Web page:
It is becoming very common to see hip dysplasia in many dogs of all breeds, predominately larger breeds. As a dog owner, you may feel absolutely devastated when the vet gives you the news but with advances in Veterinary treatment and safe conservative management options, hip dysplasia can be controlled and managed well.
What is Hip Dysplasia?
Hip dysplasia is a deformity of the hip joint that occurs during a dog’s growth period. Signs may be noticed as early as 4-6 weeks of age or not until they are in their senior years. The ball of the femur does not fit correctly into the hip socket which causes the hip to partially dislocate. Some dogs may show no signs of this condition where others will experience pain and difficulty moving around. Hip Dysplasia is mainly a genetic condition, however diet and the environment can contribute to this condition, such as obesity or rapid weight gain which puts excessive strain on the joints and nutritional disorders.
Signs to look for:
- Bunny hopping gait
- Hind leg lameness, stiffness or weakness
- Difficulty getting up or down on their beds
- Lack of co-ordination in hind quarters with swaying or staggering
- Reluctance to jump, run, go upstairs, play or exercise intolerance
- Change in behaviour
- Hind leg muscles deteriorate
- Pain in hip or pelvis area
- Dragging back paws or back nails worn down
How is Hip Dysplasia diagnosed?
Recognising symptoms early is important and your vet will do a physical examination by checking your dog’s movement of the hip joints and most probably taking x-rays to confirm the condition.
Normal Canine Hips
Bilateral Hip Dysplasia
What treatments are available for Hip Dysplasia?
There are many options available today when it comes to treating hip dysplasia and managing it. A treatment plan depends on various factors such as age and the severity of the condition. Surgery is normally a last option after other treatments and management have not been effective or if the condition is severe.
These include a combination of a healthy diet, weight management, joint supplements, anti –inflammatories, non-weight bearing exercise like hydrotherapy, to build muscle and support the limbs, acupuncture, photonic therapy and Osteopathic treatments.
There are several surgical options and your Vet will recommend which one is best suited to your dog’s condition.
Femoral Head Ostectomy (FHO)
The normal hip is a ball and socket joint and this surgery removes the neck and head of the femur which is the ball part of the joint. This surgery is very good, especially for smaller dogs as the muscles and connective tissue of the leg hold the femur in place and forms a functional “false joint”. FHO can be used in larger dogs if arthritis is severe, if the hip dislocates or if the other procedure is too expensive for the owner. FHO surgery can provide most patients pain free mobility.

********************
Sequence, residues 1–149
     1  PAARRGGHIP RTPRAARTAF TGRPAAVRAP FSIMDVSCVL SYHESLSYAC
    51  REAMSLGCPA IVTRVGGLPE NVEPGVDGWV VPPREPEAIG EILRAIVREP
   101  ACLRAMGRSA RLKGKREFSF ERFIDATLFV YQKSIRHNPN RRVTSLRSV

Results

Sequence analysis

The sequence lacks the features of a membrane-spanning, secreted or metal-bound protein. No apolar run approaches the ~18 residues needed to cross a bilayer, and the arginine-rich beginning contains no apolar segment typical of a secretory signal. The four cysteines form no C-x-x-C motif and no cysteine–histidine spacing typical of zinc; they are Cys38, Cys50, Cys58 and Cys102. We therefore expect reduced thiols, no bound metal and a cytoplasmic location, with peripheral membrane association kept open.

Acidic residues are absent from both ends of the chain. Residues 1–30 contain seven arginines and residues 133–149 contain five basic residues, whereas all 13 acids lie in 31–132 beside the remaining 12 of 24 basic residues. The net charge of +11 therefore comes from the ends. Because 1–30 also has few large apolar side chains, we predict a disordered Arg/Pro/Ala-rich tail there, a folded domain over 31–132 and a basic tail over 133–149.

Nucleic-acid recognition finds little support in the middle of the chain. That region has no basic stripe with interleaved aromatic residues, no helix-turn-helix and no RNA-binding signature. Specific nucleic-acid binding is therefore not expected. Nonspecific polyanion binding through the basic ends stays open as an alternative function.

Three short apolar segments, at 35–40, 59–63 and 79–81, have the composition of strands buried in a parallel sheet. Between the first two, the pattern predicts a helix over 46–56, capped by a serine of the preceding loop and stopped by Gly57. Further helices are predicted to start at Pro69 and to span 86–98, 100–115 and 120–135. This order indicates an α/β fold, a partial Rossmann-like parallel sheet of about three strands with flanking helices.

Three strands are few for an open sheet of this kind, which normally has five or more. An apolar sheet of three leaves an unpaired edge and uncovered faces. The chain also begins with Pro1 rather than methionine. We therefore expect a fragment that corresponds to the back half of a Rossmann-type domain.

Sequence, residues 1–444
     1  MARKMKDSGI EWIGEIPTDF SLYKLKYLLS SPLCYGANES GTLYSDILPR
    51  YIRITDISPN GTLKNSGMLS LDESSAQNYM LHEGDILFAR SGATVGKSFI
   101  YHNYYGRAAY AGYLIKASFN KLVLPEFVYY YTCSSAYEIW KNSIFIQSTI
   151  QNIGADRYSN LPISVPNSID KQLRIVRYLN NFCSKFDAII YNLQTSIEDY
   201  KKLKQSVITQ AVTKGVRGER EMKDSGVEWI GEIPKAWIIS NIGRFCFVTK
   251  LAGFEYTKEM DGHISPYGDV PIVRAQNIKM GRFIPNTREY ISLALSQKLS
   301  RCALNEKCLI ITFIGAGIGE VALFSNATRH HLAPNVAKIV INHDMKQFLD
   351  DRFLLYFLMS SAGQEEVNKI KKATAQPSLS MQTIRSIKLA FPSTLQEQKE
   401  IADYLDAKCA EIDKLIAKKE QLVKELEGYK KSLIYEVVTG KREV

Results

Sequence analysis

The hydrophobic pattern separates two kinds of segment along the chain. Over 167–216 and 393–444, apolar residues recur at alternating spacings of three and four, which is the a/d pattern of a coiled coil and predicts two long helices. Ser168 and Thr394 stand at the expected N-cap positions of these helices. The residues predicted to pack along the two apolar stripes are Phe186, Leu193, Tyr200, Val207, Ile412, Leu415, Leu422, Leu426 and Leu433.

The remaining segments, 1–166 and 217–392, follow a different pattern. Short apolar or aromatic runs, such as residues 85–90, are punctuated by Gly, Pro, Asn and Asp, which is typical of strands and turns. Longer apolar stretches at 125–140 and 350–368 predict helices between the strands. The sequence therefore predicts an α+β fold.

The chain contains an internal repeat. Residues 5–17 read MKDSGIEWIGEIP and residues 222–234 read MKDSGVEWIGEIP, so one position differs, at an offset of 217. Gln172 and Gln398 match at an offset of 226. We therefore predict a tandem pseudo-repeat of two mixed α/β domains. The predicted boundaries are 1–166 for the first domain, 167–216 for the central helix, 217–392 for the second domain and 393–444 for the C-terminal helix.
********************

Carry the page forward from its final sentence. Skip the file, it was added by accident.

Total Hip Replacement (THR)
Total hip replacement surgery removes both the ball and socket which is replaced with an artificial ball and socket normally made of surgical stainless steel and plastic. This is generally performed in larger breeds of dogs but can still be used in smaller dogs. THR surgery can give many years of pain free mobility and is generally reserved for dogs that have severe and painful conditions and that have not responded to conventional management.
Double or Triple Pelvic Osteotomy (DPO/TPO)
The object of the DPO and TPO procedure is to “capture” the femoral head in the socket thereby reducing laxity present. The procedure involves the pelvis being cut in two or three places around the hip joint, rotating the acetabulum and stabilising the pelvis in the new position with metal bone plates and screws.
This should only be performed on young dogs only - usually less than 6 months of age that have no arthritic changes in the joint. Following this procedure, dogs must be crated/confined for at least 6 weeks with short on leash walks only to ensure the bones heal in their new position correctly.
Caring for your dog with Hip Dysplasia
If you suspect that your dog has hip dysplasia, see your Vet straight away to minimise the arthritic changes that will develop as the problem worsens.
- Monitor your dog's body weight and avoid obesity as weight puts a lot of pressure on the joints.
- Avoid strenuous exercise but provide moderate low impact exercise such as hydrotherapy and controlled walks.
- Don’t over feed or over exercise growing pups. Researched evidence indicates that pups that grow too rapidly are more than likely to develop hip dysplasia and over exercising pups that may have any abnormalities in their hip structure will exaggerate the issue with excessive running, jumping and repetitively chasing objects. All of these can be detrimental to their growing joints.
K9 Swim can assist your dog in managing hip dysplasia with our state of the art Hydrotherapy and Wellness Centre. From our indoor heated pool, jet spa and under water treadmill for low impact and non-weight bearing exercise to our natural therapies, we can offer a range of treatments that will make a difference to the quality of life to your pet. If it's managing hip dysplasia with non-surgical options or rehabilitation after surgery, we can help your pooch get back on track to optimal health.